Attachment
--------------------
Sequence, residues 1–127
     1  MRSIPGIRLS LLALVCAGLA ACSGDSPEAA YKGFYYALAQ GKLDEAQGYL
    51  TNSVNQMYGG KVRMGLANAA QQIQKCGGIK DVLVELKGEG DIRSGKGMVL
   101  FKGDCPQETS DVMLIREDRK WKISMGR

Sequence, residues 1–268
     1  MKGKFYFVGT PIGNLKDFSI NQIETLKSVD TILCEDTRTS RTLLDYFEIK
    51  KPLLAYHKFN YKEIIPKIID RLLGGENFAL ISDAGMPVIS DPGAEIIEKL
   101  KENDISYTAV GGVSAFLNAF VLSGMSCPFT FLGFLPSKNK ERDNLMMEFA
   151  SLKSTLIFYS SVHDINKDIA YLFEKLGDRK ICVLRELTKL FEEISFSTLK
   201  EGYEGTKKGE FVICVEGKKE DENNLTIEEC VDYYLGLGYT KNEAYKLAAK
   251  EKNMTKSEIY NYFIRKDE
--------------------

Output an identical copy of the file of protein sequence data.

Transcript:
Sequence, residues 1–127
     1  MRSIPGIRLS LLALVCAGLA ACSGDSPEAA YKGFYYALAQ GKLDEAQGYL
    51  TNSVNQMYGG KVRMGLANAA QQIQKCGGIK DVLVELKGEG DIRSGKGMVL
   101  FKGDCPQETS DVMLIREDRK WKISMGR

Sequence, residues 1–268
     1  MKGKFYFVGT PIGNLKDFSI NQIETLKSVD TILCEDTRTS RTLLDYFEIK
    51  KPLLAYHKFN YKEIIPKIID RLLGGENFAL ISDAGMPVIS DPGAEIIEKL
   101  KENDISYTAV GGVSAFLNAF VLSGMSCPFT FLGFLPSKNK ERDNLMMEFA
   151  SLKSTLIFYS SVHDINKDIA YLFEKLGDRK ICVLRELTKL FEEISFSTLK
   201  EGYEGTKKGE FVICVEGKKE DENNLTIEEC VDYYLGLGYT KNEAYKLAAK
   251  EKNMTKSEIY NYFIRKDE